At last, it’s not just us saying this! A study just published in the Journal of the American Medical Association found that “Physical activity can help alleviate depressive symptoms in teens, according to a systematic review and meta-analysis of clinical trials.”
How much physical activity do the kids need?
“10 to 15 sessions of physical activity per month were linked to the greatest mental health benefits.”
What kind of activity are we talking about?
“Engaging in physical activity three times per week was linked with the greatest reduction in depressive symptoms, and the effect was greater when the physical activity was unsupervised than when it was fully or partially supervised in the studies.”
Who does it help the most?
Apparently, teens with a pre-existing diagnosis of depression.
The importance of NOT SUPERVISING all the time:
The authors did their analysis by consulting 21 studies involving 2441 participants. Their conclusion — not surprising, but worth hearing — is that “Physical activity interventions may be used to reduce depressive symptoms in children and adolescents.”
They also noted that some of their findings — including the idea that kids get the most out of UNSUPERVISED activity — need to be studied more.
Yes! Right now, so much of kids’ run-around time is directed by an adult, whether at recess, on a league, or with parents watching nearby. All those activities are fine, but as this study suggests they are different from doing something independently.
After all, the expression isn’t “Dance like someone’s watching.”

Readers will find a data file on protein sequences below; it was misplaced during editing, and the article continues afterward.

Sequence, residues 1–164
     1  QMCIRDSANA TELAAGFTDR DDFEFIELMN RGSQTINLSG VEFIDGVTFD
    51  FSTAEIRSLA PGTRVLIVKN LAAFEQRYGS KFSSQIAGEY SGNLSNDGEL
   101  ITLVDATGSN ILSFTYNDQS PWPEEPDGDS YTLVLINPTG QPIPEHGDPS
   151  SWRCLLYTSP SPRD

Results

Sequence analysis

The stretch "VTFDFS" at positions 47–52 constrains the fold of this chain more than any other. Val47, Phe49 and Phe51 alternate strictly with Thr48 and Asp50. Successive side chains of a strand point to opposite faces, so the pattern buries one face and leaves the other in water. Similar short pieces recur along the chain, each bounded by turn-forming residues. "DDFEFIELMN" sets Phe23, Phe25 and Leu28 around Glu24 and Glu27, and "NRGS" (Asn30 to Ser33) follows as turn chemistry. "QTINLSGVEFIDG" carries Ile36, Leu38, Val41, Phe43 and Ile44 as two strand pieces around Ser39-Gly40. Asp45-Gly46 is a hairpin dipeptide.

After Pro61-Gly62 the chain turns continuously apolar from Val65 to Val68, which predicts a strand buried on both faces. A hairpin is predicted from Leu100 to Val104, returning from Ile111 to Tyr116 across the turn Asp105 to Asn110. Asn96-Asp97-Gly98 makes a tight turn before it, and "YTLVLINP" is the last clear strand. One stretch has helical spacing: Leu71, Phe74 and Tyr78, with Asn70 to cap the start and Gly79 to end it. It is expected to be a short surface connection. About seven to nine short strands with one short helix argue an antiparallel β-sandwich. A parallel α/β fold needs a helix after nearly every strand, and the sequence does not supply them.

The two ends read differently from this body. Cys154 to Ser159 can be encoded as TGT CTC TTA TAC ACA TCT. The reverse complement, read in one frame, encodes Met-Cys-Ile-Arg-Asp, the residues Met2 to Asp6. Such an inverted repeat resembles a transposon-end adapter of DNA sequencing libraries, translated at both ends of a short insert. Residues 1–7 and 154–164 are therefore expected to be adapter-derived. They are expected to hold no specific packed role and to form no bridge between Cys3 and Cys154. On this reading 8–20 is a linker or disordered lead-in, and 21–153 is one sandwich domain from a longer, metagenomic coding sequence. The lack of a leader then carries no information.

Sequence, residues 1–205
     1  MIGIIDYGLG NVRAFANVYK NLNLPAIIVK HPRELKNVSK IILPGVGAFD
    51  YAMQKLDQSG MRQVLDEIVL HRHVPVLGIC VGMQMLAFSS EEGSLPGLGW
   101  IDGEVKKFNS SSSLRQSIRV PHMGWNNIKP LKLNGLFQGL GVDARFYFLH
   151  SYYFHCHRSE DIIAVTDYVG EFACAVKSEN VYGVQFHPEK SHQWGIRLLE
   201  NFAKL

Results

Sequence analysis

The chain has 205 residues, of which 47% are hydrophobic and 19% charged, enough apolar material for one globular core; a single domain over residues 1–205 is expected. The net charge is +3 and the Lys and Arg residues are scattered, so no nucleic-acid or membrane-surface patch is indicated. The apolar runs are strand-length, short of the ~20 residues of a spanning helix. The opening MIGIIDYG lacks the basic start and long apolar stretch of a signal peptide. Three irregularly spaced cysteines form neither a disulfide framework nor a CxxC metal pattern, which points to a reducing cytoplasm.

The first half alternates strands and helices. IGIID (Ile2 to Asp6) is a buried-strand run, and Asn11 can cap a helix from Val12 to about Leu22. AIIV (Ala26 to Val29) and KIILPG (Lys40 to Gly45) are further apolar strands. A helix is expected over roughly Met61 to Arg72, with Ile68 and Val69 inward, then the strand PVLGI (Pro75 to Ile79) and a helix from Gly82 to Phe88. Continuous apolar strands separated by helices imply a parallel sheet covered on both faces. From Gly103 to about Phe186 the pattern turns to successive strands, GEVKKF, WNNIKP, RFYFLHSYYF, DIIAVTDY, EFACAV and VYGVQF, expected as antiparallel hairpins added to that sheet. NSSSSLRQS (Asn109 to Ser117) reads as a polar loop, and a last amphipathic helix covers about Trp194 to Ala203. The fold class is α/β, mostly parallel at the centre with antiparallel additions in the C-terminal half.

Imagine if someone was listening every time you sang in the shower. “Sounding great, dear! But I think you missed a verse.” You’d want to shove a loofah down their throat.
This is a type of FREE THERAPY. Why isn’t it more common?
Is there a way to get this incredibly low-cost “therapy” to lots and lots of young people a.s.a.p., considering the mental health crisis?
There is. You know we always recommend schools stay open for mixed-age, no-devices free play, with a Let Grow Play Club. (Free implementation guide here.) The adult(s) present have the lightest possible footprint. They do not organize the games or micro-manage. The kids are as close to unsupervised as our litigious culture allows.
And not only does this give kids a time and place to run around — they are also off their devices. Play Clubs are a No Phone Zone.
We recommend Play Clubs for elementary and middle schools, but if your high school starts one, send us stories!
Meantime, we also suggest finding other Let Grow-inclined families and having the kids run around outside together while you do something else, inside. (Feel free to visit Raising Independent Kids, our Facebook Group, and announce you’re looking for folks near you.)
This is a movement — actually, a movement-movement — whose time has not only come, it’s crucial: Kids are suffering and at least part of the solution is straightforward, free of cost, and, now, scientifically proven:
Let. Them. Play.